Unlike telephones of the past, cell phones contain far more than simply a list of contacts and people with whom you have spoken. They contain text messages, emails, photographs, videos, and all sorts of data regarding your location, spending habits, and finances.
With so much data contained on your phone, and being sent to and from your phone, you may wonder: Is all of that information private, or can someone else read your messages, look at your images, and download your data?
The answer to that question is somewhat complex. The extent of your privacy depends on several factors, including who exactly owns the phone, the nature of the information on the phone, and whether law enforcement has some interest or need for the information on the phone.Your provider or "carrier" keeps records of your cell phone use, including calls and text messages, and even pictures, sent from your phone. Almost all cell phone carriers give detailed information about phone's use in billing statements sent to the owner.
These details include when a text message or image was sent from your phone and, for some plans, the cost of the text or data usage. If you are charged for data sent to your phone, the bill likely will show when it was sent. However, the phone bill does not tell you what was written in a text message or show you the picture.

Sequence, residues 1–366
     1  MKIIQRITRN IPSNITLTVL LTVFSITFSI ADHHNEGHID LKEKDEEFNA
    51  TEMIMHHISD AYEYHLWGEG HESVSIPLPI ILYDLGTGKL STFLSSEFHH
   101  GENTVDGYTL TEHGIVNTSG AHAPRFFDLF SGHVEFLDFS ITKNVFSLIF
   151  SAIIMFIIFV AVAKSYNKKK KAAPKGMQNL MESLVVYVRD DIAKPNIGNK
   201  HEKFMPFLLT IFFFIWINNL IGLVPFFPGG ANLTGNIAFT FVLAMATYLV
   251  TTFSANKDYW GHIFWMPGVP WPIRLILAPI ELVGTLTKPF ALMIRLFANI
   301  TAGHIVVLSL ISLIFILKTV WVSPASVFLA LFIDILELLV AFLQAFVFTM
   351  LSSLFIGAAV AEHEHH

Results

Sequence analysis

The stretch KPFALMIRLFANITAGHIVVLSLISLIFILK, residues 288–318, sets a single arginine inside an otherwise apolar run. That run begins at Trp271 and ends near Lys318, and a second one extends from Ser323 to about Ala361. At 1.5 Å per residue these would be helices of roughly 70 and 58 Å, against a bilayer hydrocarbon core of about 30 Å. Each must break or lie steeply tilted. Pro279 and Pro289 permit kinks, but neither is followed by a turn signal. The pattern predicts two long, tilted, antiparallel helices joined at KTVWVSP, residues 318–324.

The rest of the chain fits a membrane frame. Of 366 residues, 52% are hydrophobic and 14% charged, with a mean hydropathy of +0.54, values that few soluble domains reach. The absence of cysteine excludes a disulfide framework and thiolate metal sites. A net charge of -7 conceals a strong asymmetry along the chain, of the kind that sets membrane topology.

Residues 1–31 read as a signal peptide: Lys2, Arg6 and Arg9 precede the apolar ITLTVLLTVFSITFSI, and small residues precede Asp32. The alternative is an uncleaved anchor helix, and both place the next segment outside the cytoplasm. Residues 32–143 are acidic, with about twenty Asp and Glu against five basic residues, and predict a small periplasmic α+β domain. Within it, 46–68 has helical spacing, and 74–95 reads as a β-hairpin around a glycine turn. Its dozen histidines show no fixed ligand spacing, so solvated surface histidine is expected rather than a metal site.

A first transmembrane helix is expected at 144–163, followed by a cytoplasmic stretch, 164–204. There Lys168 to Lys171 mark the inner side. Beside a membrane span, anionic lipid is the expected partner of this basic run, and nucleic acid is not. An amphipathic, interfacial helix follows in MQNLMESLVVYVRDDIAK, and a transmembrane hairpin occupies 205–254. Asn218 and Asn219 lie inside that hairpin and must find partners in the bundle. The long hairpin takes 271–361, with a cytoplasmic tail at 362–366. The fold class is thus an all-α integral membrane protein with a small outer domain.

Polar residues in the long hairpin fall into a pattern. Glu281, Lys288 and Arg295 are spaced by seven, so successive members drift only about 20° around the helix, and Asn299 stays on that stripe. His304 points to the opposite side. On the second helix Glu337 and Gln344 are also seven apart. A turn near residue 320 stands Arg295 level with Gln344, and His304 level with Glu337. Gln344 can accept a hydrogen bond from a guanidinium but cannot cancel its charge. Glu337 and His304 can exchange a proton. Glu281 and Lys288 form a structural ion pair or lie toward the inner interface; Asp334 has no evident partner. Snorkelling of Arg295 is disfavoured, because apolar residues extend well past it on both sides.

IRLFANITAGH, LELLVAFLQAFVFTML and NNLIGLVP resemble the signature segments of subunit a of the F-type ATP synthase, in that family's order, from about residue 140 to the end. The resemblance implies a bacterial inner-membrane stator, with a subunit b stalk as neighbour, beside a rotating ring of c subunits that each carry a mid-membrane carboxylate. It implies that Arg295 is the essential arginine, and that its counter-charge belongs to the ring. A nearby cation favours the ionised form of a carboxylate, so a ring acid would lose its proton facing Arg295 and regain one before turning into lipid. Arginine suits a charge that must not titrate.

So, what can you do if you want to read or see that information? For example, what if you suspect your spouse of having an extramarital affair and you want to see whether there's some secret texting going on? What if you want to make sure that your teenager isn't sending or receiving inappropriate pictures over the phone, or "sexting?"
As a general rule, the cell phone carrier cannot help you. Under federal privacy laws, such as the Consumer Telephone Records Protection Act of 2006, your cell phone carrier cannot give you these phone records, even if you own the phone and pay the bill. That's because these records often show messages sent and received by someone else, and that person has privacy rights.There are some exceptions, though. If you think your phone is being used for criminal activities, or if you are being harassed or threatened through text messages, you may be able to get a court order requiring the phone carrier to release the records. Also talk to an attorney or your local police department immediately.
You should additionally know that some cell phone carriers limit how long they store text messages and images on their servers. This could be anywhere from a few days to a few weeks. So, if you need to see this material, you should act quickly to retain a lawyer and have the attorney serve subpoenas or demands.https://www.ttspy.com/how-to-see-sms-messages-from-another-phone.html